Dutch gov't: Schools can make face masks mandatory but no legal obligation
The Dutch government confirmed a report from earlier on Thursday that students and faculty in secondary schools and secondary special education schools should take the "urgent" advice to wear masks when outside of the classroom. The schools can decide individually whether the masks will be made mandatory, the Cabinet said in a statement.
In order to do so, the schools are required by law to get the mask rule placed in their list of bylaws which students have to follow, often requiring the approval of students chosen to participate on a parent-student council. Schools will also need to get a mask obligation approved for placement in its employment terms.
Masks are strongly recommended in areas where 1.5 meters between students and teachers cannot be guaranteed, like in hallways, assembly rooms, and cafeterias. Masks can be removed where students remain seated, such as in classrooms, the government said. The policy takes effect on Monday.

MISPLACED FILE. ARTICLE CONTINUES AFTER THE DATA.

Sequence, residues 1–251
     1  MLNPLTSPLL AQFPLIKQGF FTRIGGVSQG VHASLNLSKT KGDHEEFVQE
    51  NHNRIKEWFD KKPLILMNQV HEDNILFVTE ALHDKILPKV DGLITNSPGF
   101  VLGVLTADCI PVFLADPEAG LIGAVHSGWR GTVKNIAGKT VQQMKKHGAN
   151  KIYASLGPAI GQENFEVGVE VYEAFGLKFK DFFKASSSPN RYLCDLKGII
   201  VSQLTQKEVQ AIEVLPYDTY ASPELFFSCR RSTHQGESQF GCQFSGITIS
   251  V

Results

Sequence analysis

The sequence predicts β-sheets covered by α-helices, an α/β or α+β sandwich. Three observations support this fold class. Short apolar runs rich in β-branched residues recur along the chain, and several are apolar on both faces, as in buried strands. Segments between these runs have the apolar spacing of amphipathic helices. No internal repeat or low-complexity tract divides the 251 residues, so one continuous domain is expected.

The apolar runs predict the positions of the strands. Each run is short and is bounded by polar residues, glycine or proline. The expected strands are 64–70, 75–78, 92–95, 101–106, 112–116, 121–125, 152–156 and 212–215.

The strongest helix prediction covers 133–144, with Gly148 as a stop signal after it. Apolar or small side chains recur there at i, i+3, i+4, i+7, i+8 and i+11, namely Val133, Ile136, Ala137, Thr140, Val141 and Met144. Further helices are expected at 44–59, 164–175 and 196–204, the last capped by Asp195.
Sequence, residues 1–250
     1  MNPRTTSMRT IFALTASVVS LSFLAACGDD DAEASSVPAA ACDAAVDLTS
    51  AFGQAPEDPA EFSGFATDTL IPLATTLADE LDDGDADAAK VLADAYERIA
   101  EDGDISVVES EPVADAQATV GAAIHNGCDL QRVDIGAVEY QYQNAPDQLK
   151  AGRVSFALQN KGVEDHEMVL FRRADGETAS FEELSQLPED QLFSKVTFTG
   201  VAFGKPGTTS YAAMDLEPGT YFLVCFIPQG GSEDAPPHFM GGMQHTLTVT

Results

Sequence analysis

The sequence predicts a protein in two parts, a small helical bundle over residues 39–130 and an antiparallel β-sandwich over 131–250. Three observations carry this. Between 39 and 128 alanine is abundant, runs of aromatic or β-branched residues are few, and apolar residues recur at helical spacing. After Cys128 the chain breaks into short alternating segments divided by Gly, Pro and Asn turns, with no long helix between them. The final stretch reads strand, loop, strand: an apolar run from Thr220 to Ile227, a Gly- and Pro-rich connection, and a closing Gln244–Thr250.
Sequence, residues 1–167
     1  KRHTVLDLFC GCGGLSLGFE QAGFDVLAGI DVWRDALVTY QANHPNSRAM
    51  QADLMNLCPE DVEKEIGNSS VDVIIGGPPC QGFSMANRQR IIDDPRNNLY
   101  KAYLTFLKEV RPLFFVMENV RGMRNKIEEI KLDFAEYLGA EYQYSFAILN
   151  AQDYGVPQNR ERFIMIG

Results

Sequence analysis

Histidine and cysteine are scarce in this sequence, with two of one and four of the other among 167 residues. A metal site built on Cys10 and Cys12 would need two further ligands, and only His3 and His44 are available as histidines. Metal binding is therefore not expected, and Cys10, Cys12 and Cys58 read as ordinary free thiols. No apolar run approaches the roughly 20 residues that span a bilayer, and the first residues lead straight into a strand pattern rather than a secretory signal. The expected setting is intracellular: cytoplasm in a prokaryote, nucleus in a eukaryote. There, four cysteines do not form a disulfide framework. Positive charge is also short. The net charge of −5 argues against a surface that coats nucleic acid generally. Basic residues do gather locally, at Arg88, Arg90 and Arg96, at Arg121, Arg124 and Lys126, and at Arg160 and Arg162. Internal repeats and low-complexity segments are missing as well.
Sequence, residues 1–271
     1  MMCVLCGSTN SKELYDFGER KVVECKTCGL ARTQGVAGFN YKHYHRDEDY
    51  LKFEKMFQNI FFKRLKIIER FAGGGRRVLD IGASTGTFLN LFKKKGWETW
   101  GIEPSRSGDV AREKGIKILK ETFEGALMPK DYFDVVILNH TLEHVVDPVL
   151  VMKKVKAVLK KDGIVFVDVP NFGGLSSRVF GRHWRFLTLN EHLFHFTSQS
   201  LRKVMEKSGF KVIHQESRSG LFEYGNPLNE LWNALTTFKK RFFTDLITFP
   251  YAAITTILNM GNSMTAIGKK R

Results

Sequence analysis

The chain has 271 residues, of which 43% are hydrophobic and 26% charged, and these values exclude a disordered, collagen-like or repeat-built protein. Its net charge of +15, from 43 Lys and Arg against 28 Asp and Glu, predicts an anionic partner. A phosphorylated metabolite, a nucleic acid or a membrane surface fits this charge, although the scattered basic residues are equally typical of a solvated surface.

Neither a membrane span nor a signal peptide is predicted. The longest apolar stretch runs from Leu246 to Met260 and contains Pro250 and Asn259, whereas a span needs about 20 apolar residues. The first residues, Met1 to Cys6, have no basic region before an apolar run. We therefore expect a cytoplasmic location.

The mask advice was also recommended for vocational subjects and practical experience courses where a safe distance cannot be maintained, "as long as this does not endanger the safety of the lessons (for example, during welding)," the government said.
Situations where students with disabilities are highly impacted will be exempt from the advice. The government noted that some students are highly dependent on close proximity and facial expressions, making the mask advice unrealistic for them. Decisions on how to handle these cases also rest with school management.
"Wearing masks is an emphatic addition to the basic rules and not a substitute for them. It is therefore important to keep your distance, to disinfect your hands, to cough into the elbow and to stay at home in case of symptoms," the government said.
There was no change announced regarding a face mask policy in primary schools, primary special education schools, higher education or vocational institutes. For the youngest students, the Cabinet said the risk of infection among primary school-aged children "is considerably lower." Older students were still expected to maintain social distancing rules, and the education institutions can also adapt policies as needed.
"A security region can also choose, in consultation with a college or university, to issue urgent advice about wearing face masks," the government said.